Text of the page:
After the coronation of Baby Doc, American planners inside and outside the U.S. government initiated their plan to transform Haiti into the "Taiwan of the Caribbean." This small, poor country situated conveniently close to the United States was instructed to abandon its agricultural past and develop a robust, export-oriented manufacturing sector. This, Duvalier and his allies were told, was the way toward modernization and economic development.

From the standpoint of the World Bank and the United States Agency for International Development (USAID) Haiti was the perfect candidate for this neoliberal facelift. The entrenched poverty of the Haitian masses could be used to force them into low-paying jobs sewing baseballs and assembling other products.

But USAID had plans for the countryside too. Not only were Haiti's cities to become exporting bases but so was the countryside, with Haitian agriculture also reshaped along the lines of export-oriented, market-based production. To accomplish this USAID, along with urban industrialists and large landholders, worked to create agro-processing facilities, even while they increased their practice of dumping surplus agricultural products from the U.S. on the Haitian people.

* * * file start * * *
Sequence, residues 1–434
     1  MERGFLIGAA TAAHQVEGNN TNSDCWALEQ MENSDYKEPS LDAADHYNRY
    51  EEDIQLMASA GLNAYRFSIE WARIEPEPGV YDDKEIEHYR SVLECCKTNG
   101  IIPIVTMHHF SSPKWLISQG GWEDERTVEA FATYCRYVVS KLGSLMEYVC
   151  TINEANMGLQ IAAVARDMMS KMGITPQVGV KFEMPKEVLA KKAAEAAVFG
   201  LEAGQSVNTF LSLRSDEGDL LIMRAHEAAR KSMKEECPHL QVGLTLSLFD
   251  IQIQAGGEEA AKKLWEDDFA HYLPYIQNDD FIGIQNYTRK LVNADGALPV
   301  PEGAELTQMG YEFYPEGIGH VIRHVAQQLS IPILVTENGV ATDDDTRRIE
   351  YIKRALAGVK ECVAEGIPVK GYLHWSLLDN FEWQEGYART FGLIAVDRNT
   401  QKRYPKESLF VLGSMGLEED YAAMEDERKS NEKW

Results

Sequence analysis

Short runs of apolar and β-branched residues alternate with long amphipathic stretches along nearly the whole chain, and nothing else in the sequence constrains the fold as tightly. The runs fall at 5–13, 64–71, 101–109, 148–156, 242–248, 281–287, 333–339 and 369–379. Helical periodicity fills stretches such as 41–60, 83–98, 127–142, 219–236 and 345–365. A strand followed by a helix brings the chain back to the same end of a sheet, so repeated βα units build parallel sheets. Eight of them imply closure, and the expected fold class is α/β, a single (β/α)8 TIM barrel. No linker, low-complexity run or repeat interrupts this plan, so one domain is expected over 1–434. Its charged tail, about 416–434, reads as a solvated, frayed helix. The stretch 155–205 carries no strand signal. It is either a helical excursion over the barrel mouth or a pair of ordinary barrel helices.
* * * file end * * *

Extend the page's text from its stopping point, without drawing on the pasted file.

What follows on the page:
This "aid" from the Americans, along with the structural changes in the countryside predictably forced Haitian peasants who could no longer survive to migrate to the cities, especially Port-au-Prince where the new manufacturing jobs were supposed to be. However, when they got there they found there weren't nearly enough manufacturing jobs go around. The city became more and more crowded. Slum areas expanded. And to meet the housing needs of the displaced peasants, quickly and cheaply constructed housing was put up, sometimes placing houses right "on top of each other."

Before too long, however, American planners and Haitian elites decided that perhaps their development model didn't work so well in Haiti and they abandoned it. The consequences of these American-led changes remain, however.